He is a Creature
The Scripture teaches us that there is only one eternal and self-existent God who is the Creator of all things.
If Satan were not a created being then he must be eternal or self-existent, a dualism which is incompatible with what the Bible teaches about God and the world in which we live.
The Bible emphatically declares all things were created by God through Christ, and there is nothing that was not made by him – John 1:3; Col. 1:16-17 with Psa. 148:1-5; Col. 1:16; Ezek. 28:13.
He is a Spirit Being
Hebrews 1:14 describes angels as spirits and demons are called unclean spirits – Matt. 8:16; 12:45; Luke 7:21; 8:2; 11:26; Acts 19:12; Rev. 16:14.
Further, the fact we are told that “we do not wrestle with flesh and blood, but against the principalities, against the powers, against the world rulers of this present darkness, against the spiritual hosts of wickedness in heavenly places” –
Eph. 6:12 also suggest that Satan and his demons are spirit beings. Finally, the fact that Paul describes them as invisible also shows they are spirit beings – Col. 1:16.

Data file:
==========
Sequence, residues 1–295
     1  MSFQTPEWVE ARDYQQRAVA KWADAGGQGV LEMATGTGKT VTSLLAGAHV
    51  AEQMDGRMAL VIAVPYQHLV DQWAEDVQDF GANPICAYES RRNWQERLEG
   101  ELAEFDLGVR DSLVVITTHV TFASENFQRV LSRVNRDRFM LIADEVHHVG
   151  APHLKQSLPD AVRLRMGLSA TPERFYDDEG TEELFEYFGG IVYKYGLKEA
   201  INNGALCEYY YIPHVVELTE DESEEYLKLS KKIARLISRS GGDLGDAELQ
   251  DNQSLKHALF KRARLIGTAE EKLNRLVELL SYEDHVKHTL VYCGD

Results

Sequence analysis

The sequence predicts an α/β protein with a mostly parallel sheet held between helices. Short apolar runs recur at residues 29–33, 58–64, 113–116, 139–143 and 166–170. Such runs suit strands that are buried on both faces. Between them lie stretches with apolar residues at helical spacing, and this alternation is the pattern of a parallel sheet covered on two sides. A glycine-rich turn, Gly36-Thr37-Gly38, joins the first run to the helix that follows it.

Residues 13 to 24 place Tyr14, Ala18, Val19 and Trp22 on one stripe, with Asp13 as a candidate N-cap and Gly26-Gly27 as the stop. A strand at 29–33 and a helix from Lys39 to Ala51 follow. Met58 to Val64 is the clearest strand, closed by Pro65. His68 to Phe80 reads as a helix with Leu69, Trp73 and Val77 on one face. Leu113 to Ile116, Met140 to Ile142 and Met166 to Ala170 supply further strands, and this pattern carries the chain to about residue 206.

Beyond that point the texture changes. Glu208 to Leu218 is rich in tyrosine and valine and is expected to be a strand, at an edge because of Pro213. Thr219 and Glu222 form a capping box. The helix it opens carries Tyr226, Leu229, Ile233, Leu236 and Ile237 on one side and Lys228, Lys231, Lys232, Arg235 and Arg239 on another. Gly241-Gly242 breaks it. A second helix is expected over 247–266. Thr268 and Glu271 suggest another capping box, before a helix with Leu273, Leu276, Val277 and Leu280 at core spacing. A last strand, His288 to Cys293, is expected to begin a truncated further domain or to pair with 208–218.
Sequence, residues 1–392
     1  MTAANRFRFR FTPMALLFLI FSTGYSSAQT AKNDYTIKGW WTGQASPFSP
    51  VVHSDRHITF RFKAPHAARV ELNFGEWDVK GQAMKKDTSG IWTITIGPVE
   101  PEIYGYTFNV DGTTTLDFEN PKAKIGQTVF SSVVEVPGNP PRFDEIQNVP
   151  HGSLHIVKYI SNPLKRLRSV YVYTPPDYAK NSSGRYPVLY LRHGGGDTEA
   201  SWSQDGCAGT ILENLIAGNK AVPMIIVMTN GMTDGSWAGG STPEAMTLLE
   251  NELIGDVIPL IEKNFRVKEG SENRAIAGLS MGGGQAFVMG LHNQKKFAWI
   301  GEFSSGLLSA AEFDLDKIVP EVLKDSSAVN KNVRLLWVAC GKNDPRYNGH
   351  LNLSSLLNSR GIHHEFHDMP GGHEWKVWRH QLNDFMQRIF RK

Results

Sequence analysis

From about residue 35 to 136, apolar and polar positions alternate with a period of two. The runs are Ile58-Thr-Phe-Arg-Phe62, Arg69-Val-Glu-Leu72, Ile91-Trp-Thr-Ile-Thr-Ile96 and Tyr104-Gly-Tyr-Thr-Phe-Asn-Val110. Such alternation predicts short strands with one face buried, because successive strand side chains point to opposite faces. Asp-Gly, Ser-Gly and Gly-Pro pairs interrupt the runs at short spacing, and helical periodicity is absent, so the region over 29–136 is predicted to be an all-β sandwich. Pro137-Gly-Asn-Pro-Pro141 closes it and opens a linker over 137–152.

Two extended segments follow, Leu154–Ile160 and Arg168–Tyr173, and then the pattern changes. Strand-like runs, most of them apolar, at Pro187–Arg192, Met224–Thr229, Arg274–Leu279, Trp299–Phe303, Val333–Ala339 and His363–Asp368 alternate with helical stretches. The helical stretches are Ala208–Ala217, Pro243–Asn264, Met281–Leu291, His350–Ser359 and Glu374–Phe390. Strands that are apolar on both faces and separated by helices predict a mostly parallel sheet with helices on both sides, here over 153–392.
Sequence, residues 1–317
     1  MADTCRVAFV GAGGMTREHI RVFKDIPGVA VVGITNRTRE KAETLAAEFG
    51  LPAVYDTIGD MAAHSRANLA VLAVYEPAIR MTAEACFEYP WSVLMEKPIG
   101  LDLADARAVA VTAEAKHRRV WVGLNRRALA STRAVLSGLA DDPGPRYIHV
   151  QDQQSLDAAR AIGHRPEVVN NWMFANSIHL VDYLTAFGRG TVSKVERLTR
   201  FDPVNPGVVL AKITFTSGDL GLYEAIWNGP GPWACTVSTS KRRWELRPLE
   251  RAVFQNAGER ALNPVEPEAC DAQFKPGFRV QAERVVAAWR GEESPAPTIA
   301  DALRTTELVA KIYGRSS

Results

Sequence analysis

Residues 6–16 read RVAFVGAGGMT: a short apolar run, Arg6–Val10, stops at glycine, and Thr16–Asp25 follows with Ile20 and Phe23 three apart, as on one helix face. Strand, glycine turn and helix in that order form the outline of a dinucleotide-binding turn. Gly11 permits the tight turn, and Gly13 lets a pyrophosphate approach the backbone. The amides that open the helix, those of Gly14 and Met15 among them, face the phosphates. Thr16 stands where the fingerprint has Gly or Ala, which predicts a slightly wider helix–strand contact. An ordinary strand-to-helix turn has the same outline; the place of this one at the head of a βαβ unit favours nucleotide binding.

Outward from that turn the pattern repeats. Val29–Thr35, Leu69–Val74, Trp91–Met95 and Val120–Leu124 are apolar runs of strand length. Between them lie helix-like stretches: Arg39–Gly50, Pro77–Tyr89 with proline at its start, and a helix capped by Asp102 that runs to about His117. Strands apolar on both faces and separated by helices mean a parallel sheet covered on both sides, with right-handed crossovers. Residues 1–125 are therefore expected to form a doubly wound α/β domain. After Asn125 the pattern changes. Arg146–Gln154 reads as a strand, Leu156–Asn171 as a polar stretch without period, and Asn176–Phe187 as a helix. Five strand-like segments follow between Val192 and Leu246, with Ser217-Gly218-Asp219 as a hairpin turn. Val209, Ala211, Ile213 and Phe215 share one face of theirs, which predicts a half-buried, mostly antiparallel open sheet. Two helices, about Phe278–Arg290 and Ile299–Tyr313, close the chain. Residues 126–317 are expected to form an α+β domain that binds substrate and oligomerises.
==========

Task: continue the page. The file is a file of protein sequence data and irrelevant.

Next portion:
Here it is clearly taught that the Devil and the other demons are spiritual or angelic creatures created by God in a state of innocence, and that they became evil by their own act.
It is added that man sinned by the suggestion of the Devil, and that in the next world the wicked shall suffer perpetual punishment with the Devil.
He is a Former Angel
Mention is made of the Devil in many passages of the Old and New Testaments, but The authoritative teaching of the Church on this topic is set forth in the decrees of the Fourth Lateran Council (cap. i, “Firmiter credimus”), wherein, after saying that God in the beginning had created together two creatures, the spiritual and the corporeal, that is to say the angelic and the earthly, and lastly man, who was made of both spirit and body, the council continues:
“Diabolus enim et alii dæmones a Deo quidem naturâ creati sunt boni, sed ipsi per se facti sunt mali.” (“the Devil and the other demons were created by God good in their nature but they by themselves have made themselves evil.”)
As may be gathered from the language of the Lateran definition, the Devil and the other demons are but a part of the angelic creation and their natural powers do not differ from those of the angels who remained faithful.
Like the other angels, they are pure spiritual beings without any body, and in their original state they are endowed with grace and placed in a condition of probation. It was only by their fall that they became devils.